Spices make the dish. Whether it's basil or cloves, cumin or saffron, your meals are always enhanced with dried spices. If your spice jars get lost in the cabinets, bring them down to the countertop, where you can quickly grab them when needed. This modern-style DIY spice rack spins effortlessly on a mini lazy-susan base. It holds 12 glass spice jars, each jar slightly tilted upward.
Tips For Making This DIY Spice Rack
Building With Hardwood
Project or hobby board is found at most home centers and some craft stores. This material allows you to build the spice rack with durable hardwoods such as poplar, mahogany, birch, cherry, oak, or maple, all while controlling costs.
Precisely Drilled Holes Are Required
A drill press is necessary for this project because the hole for each bottle must be a uniform 15 degrees. Hand drilling is not recommended. If you do not have a drill press or cannot borrow one, you may want to purchase an inexpensive multi-angle drill guide. This attaches to your existing cordless or corded drill and allows you to drill holes at an angle.
Choice of Spice Jars
One benefit of this project is that you'll be able to standardize your spice jars. Begin with a 12-pack of glass spice jars measuring 1-3/4-inch diameter by 4-inch tall. Jars that have protruding necks are preferable since the necks act as stops when the jars are slid into the holes. If you cannot find jars like this, purchase a two-by-two board of matching hardwood. This center spindle will act as a stop for the jars.
Equipment / Tools
- Drill press or angled drill guide
- 1-3/4-inch auger bit
- Cordless nailer
- Carpenter's glue
- Circular saw
- Fine-tooth blade for circular saw
- Circular saw guide
- Tape measure
- Hand saw
- Bar clamp
- 12 4-oz. round glass spice jars, each jar 4-inch by 1-3/4-inch
- 1 one-by-six hardwood hobby board, 4-foot
- 1 one-by-twelve hardwood hobby board, 4-foot
- 1 4-inch lazy susan turntable
- 1 two-by-two matching hardwood, 2-foot (optional)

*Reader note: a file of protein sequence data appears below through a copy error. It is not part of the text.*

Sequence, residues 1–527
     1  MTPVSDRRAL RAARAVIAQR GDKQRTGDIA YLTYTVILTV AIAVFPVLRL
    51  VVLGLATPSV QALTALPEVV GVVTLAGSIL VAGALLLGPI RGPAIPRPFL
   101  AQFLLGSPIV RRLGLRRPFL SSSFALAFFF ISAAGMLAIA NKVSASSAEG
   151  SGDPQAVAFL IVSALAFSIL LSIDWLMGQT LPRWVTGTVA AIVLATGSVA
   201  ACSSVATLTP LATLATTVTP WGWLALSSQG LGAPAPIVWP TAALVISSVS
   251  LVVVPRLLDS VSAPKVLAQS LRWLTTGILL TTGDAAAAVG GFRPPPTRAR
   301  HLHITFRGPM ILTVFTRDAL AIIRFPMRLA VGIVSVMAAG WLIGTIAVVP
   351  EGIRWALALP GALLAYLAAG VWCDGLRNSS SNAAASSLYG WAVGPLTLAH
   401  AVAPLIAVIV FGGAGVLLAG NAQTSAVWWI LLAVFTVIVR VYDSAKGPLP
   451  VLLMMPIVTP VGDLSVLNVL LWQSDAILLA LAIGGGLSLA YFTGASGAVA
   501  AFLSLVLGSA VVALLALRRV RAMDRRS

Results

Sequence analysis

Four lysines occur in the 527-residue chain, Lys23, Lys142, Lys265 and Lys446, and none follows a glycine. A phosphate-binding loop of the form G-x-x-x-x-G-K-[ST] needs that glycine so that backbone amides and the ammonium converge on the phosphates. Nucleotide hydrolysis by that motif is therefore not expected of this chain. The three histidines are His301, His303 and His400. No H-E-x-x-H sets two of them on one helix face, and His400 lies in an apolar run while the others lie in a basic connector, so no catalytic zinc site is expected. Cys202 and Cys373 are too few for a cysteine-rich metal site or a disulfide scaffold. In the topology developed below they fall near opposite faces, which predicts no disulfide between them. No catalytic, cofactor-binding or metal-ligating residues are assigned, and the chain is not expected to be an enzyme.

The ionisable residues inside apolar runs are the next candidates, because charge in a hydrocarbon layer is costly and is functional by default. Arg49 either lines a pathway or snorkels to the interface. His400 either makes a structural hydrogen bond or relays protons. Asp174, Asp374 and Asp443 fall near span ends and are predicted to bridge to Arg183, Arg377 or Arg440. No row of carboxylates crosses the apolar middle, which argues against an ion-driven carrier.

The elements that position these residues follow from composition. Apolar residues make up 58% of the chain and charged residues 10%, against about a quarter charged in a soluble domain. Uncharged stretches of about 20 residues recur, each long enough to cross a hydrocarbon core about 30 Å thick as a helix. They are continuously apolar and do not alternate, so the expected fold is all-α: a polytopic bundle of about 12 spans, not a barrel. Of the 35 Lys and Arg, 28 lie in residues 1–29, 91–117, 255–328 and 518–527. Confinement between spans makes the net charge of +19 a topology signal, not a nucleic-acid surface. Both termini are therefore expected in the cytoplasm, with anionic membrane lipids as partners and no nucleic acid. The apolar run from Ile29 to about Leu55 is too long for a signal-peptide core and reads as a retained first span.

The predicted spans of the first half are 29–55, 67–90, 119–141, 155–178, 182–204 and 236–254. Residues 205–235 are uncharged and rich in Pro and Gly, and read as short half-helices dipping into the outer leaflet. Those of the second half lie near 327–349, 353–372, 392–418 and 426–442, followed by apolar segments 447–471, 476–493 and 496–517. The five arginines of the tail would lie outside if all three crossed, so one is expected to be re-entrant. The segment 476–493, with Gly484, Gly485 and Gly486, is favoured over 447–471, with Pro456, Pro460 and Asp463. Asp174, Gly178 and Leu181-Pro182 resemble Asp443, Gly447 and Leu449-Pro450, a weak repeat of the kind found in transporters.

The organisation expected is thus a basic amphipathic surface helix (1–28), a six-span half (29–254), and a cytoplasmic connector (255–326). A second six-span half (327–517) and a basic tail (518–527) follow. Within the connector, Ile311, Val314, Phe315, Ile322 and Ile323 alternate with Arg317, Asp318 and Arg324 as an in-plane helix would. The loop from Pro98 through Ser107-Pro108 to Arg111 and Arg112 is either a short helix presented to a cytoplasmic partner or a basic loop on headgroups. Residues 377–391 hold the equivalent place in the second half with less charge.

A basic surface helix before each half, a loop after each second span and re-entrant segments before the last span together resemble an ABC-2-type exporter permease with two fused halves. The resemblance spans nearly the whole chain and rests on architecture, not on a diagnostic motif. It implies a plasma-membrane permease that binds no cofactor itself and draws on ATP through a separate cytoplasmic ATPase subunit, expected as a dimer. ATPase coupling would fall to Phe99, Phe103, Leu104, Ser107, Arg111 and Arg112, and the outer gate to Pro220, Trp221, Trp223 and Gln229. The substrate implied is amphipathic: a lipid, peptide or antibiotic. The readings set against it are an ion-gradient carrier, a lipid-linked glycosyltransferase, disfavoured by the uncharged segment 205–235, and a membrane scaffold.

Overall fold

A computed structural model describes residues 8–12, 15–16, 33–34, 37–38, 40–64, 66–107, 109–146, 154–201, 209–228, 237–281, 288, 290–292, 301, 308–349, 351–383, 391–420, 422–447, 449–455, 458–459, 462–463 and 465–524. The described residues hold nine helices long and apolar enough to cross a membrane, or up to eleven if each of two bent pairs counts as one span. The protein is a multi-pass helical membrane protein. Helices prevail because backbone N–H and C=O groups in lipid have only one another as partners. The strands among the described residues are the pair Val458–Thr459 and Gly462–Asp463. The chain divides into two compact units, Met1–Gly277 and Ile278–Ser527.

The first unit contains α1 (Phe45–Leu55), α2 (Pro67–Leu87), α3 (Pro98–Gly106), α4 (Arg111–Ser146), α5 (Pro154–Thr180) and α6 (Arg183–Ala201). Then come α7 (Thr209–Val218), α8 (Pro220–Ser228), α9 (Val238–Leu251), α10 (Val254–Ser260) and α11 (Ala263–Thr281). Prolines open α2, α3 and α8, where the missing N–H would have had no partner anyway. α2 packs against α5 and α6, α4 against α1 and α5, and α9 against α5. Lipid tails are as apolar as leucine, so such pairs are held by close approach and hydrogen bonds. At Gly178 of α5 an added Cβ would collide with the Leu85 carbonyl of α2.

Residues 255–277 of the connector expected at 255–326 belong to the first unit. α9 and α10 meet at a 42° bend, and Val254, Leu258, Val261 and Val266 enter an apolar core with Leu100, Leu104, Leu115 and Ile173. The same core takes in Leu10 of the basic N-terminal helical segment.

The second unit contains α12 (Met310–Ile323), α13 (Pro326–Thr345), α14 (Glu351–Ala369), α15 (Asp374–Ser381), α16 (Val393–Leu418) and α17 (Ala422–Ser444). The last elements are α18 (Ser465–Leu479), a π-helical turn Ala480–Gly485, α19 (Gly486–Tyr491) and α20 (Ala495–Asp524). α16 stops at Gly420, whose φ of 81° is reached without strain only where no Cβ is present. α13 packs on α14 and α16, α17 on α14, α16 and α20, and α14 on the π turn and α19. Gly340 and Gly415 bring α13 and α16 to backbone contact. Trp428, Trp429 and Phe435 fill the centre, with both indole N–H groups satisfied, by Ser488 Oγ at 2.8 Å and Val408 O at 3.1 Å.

- 4 1/4-inch screws
- 1 polyurethane clear coat, spray can
- Wood stain (optional)
Cut the Spice Rack Side Pieces
With the circular saw fitted with a fine-tooth blade, cut the one-by-six hardwood board into four pieces. Each piece should be 7-1/4 inches long. Use a saw guide for perfectly straight cuts.
Mark the Holes on the Side Pieces
Each side piece will have three holes (to hold three jars). First, mark down the center of each board, length-wise. For 6-inch nominal width boards, the true width will by 5-1/2 inches. So, the center would be 2-3/4 inches. After making that mark, next mark three lines, each at a 90-degree angle to the long line. Downward from the top edge, each line should be 1-7/8 inches apart from the next line.
Drill the Holes on the Side Pieces
The center of each cross mark formed from the earlier step represents a drill point. Fit the 1-3/4-inch auger bit on the drill. Tilt the press to a 15-degree angle. Turn on the drill and slowly drill out each of the three holes. When finished, continue to the three other boards.
Do not stack the four boards and drill all of the holes at once. While this is a time-saving method, it changes the position of the holes on each subsequent board.
Cut the Top and Bottom Pieces
First, check to make sure that the nominal 12-inch hobby board is 11-1/4 inches wide. If so, cut it into two pieces, each 11-1/4 inches long. You should now have two square boards. Mark out crosses on the boards, each arm of the cross measuring 5-1/2 inches. Cut out the four waste sections from each board with a hand saw.
Assemble the Spice Rack Pieces
Have an assistant help with this step. Run a thin bead of carpenter's glue on the short edges of each side piece before attaching it to the cross piece. Fully assemble the spice rack with the glue and hold it into place with the bar clamp. If you need to adjust a piece, you should be able to gently tap it with a hammer until it moves into place. Once the rack is assembled and square, tighten down the bar clamp even more. Fire brad nails into the ends with the cordless nailer. Let the glue cure for 8 hours.
When placing the side pieces, make sure that all of the holes in the boards are pointing downward, toward the middle of the rack.
Add the Lazy Susan Base
Attach the lazy susan base to the rack with 1/4-inch screws.
Widen the Spice Jar Holes
With the sandpaper, gently sand the insides of each of the holes so that the spice jars can fit easily into them. Usually, very little sanding is needed.
Stain and Coat the Spice Rack
Apply wood stain to the wood sections of the spice rack, if desired. Even if you do not stain the item, it is recommended that you apply a polyurethane clear coat to protect it from cooking stains.
Add the Center Spindle (Optional)
If your spice rack needs a center spindle as a stop for the spice jars, cut the two-by-two to 7-1/4 inches long. Add a dot of glue to the top and bottom, then place it in the center of the rack, vertically. Add three brads at each end to hold it into place. Stain and clean-coat accordingly.